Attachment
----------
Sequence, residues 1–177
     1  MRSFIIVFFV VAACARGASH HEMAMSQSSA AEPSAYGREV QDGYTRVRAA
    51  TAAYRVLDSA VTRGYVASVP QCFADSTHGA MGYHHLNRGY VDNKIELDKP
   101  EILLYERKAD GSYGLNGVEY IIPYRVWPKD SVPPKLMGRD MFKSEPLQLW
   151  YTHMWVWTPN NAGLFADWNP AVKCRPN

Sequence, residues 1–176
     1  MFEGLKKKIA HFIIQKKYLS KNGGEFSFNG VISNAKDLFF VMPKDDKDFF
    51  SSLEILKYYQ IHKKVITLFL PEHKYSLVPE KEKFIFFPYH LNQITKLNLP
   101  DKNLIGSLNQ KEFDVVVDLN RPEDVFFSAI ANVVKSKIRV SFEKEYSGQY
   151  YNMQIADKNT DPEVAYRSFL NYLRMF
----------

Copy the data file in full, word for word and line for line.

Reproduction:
Sequence, residues 1–177
     1  MRSFIIVFFV VAACARGASH HEMAMSQSSA AEPSAYGREV QDGYTRVRAA
    51  TAAYRVLDSA VTRGYVASVP QCFADSTHGA MGYHHLNRGY VDNKIELDKP
   101  EILLYERKAD GSYGLNGVEY IIPYRVWPKD SVPPKLMGRD MFKSEPLQLW
   151  YTHMWVWTPN NAGLFADWNP AVKCRPN

Sequence, residues 1–176
     1  MFEGLKKKIA HFIIQKKYLS KNGGEFSFNG VISNAKDLFF VMPKDDKDFF
    51  SSLEILKYYQ IHKKVITLFL PEHKYSLVPE KEKFIFFPYH LNQITKLNLP
   101  DKNLIGSLNQ KEFDVVVDLN RPEDVFFSAI ANVVKSKIRV SFEKEYSGQY
   151  YNMQIADKNT DPEVAYRSFL NYLRMF